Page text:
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Natural Dyes Basics
There are many plants and chemicals in nature that can dye fabric, leather, hair, and other items. Humans started using dyes as soon as they were discovered; 6000 BC or earlier. In the Medieval period there were certain plants that were heavily relied on for most colors.
Section 1: Safety
Because dyeing substances and mordants can be poisonous, there are some important rules to follow when dyeing:
Disposing of Mordants and Dyes:
Always dilute baths before pouring them out. Mordant baths and extremely acidic or alkaline baths should be diluted heavily before disposal. Natural dyes from plants can usually be poured out onto the ground without ill effects on surrounding vegetation, but mordants and very alkaline or acidic water can damage plants. Never pour baths into ponds or running water, pour them as far away as possible from wells and septic systems, and try to avoid gardens, valued plants and compost heaps. The exception would be if your bath contains something you would have added to the soil anyway; i.e. a bath of lime and madder (no mordants) could be poured out onto acidic soil.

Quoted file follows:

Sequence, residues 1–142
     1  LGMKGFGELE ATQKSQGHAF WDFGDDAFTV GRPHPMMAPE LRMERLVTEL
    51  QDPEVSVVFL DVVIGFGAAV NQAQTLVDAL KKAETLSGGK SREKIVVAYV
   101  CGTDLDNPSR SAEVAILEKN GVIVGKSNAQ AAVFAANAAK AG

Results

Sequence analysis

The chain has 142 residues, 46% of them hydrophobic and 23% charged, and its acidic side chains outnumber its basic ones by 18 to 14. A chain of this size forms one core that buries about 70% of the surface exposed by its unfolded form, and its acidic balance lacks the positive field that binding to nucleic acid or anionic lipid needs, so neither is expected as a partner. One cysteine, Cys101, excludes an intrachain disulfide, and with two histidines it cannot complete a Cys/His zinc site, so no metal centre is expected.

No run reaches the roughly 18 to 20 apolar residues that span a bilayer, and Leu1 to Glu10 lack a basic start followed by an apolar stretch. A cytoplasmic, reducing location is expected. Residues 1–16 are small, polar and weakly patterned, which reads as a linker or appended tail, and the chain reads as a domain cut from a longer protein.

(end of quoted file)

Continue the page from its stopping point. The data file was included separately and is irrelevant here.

Pouring dyebaths and mordants down the drain can cause problems for septic systems, especially when the bath is extremely acidic or alkaline and when the bath contains a lot of loose fibers or solid dye material. People on public water sewer systems should check with their local municipality to find out if there are restrictions on what chemicals can be disposed of down the drain. In most cases, dyeing occasionally will not cause a problem for the local sewer, but large-scale or frequent disposal of mordants and dyebaths could damage their systems.